This question has come up a few times, most recently over on the OpenXMLDeveloper site (http://openxmldeveloper.org/forums/477/ShowThread.aspx#477)
The challenge a lot of folks have is that they want to generate a WordprocessingML document using pre-existing content. Often times that content is in other formats, like HTML. This is also the case if you have folks entering rich content in a web form or some other type of HTML control, and then you want to use that content to generate a wordprocessingML document. While there are tools out there that will transform from HTML into WordprocessingML, this is also easily achievable using the altChunk element.
You can place one or more XHTML files as a seperate part(s) in the ZIP package, and give it the proper content type. Then create a relationship to it from the document.xml part. Once you've done that, you can place the afChunk element (which is a block level element) into the content of the document, and reference the relationship ID that you used to point at the XHTML part. You also have the option to specify whether you want the styles to be merged with the document, or if you want it to maintain the source formatting.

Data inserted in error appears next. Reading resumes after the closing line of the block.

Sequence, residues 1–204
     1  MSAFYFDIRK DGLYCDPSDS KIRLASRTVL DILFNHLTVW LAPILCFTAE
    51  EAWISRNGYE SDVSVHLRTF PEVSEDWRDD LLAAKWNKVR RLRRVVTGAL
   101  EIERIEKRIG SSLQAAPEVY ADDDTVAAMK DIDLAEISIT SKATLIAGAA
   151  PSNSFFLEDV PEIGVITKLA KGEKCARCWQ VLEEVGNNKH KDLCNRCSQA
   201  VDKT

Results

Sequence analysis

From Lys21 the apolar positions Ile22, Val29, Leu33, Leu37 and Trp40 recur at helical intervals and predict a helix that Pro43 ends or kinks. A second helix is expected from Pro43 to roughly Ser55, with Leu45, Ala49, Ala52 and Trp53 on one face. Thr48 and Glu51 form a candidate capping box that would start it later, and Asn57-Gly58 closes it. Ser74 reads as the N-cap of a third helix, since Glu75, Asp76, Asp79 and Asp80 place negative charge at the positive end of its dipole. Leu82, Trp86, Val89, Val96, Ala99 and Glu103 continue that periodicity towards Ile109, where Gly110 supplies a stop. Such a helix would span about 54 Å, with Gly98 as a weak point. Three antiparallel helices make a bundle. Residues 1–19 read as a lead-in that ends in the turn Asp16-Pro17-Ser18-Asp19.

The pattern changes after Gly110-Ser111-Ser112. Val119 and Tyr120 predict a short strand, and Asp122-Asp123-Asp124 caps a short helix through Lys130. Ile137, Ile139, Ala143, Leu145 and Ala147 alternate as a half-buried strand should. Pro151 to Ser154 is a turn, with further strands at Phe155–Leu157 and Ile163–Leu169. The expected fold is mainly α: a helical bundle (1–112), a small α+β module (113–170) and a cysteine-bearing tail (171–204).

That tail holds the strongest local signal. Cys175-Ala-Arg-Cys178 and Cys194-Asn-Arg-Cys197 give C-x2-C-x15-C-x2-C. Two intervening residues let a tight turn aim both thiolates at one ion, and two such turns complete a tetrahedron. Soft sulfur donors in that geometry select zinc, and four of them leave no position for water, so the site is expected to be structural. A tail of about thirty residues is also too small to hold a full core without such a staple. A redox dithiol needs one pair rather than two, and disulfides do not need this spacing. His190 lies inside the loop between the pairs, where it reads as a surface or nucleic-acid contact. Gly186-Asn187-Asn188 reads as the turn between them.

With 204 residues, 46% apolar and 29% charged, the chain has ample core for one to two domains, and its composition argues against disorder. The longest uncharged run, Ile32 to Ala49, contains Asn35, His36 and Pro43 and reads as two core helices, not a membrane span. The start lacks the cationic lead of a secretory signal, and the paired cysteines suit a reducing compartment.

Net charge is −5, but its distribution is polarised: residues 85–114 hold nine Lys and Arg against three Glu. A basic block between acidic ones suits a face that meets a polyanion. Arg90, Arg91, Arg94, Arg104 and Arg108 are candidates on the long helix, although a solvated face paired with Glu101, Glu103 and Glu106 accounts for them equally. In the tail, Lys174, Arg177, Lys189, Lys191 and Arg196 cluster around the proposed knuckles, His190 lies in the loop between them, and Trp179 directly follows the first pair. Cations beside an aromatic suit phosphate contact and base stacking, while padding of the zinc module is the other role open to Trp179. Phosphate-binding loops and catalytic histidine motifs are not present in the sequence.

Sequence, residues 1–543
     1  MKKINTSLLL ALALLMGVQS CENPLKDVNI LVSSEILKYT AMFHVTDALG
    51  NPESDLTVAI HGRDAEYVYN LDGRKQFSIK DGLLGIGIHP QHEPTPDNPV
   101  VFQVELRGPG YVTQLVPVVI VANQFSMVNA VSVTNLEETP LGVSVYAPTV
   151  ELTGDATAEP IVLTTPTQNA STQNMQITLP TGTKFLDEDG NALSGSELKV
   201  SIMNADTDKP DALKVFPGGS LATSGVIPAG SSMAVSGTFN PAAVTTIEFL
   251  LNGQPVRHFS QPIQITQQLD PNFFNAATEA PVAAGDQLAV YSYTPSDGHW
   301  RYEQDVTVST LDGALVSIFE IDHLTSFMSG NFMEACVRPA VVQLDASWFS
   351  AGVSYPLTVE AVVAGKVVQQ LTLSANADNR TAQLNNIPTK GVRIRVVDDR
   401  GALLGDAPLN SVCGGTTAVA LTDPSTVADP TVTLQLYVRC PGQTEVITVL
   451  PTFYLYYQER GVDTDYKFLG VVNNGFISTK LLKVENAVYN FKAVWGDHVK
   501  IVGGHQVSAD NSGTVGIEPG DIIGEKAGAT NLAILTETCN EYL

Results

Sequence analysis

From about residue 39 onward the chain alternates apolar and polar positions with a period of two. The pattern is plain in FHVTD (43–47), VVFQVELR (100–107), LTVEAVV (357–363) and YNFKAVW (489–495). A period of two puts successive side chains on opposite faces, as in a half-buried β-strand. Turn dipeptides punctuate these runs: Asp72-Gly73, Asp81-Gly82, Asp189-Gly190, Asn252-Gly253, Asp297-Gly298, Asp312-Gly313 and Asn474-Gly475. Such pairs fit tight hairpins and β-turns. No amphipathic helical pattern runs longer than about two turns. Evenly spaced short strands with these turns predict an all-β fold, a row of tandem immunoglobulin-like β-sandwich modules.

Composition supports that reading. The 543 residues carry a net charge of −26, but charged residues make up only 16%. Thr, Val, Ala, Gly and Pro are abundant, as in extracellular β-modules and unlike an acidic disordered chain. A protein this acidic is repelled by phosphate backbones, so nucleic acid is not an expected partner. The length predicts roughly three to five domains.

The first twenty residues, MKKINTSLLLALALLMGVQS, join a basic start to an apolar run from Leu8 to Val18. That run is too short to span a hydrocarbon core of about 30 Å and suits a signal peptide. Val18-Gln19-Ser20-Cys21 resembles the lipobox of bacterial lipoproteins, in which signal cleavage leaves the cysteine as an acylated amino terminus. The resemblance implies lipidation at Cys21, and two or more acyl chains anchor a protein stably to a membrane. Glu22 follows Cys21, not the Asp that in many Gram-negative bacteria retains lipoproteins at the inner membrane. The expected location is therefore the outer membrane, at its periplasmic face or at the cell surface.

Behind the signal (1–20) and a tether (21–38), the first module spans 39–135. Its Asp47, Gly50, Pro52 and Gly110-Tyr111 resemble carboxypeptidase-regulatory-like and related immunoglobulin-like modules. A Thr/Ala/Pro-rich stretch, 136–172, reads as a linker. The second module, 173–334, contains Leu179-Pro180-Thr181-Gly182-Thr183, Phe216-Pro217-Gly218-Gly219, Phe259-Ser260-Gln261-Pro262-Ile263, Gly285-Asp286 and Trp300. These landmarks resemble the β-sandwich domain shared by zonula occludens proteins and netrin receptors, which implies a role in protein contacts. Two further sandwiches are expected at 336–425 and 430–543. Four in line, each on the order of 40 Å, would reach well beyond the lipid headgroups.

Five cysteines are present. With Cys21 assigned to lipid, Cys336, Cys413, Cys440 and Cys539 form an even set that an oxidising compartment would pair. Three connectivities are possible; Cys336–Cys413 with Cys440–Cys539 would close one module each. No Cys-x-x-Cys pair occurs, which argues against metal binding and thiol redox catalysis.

So, for example, you could have the following:
<document> <body> <p><r><t>Here is a some WordprocessingML followed by someXHTML:</t></r></p> <altChunk r:id="rel7"/> <p><r><t>Here is some more WordprocessingML</t></r></p> <body></document>
The relationship type is: http://schemas.openxmlformats.org/officeDocument/2006/relationships/afChunk
The content type for html is: application/html
With the example above, the content of the HTML file that was referenced by the altChunk tag would show up directly inline after the first paragraph. Now, you should note that this is an import only feature. Once the file is opened, the XHTML content is merged with the rest of the file, and when you save, it will be represented with wordprocessingML rather than XHTML.
This was something I really wanted us to support with the 2003 XML formats when we did the cfChunk work. The cfChunk is extremely useful, and the altChunk builds off of it.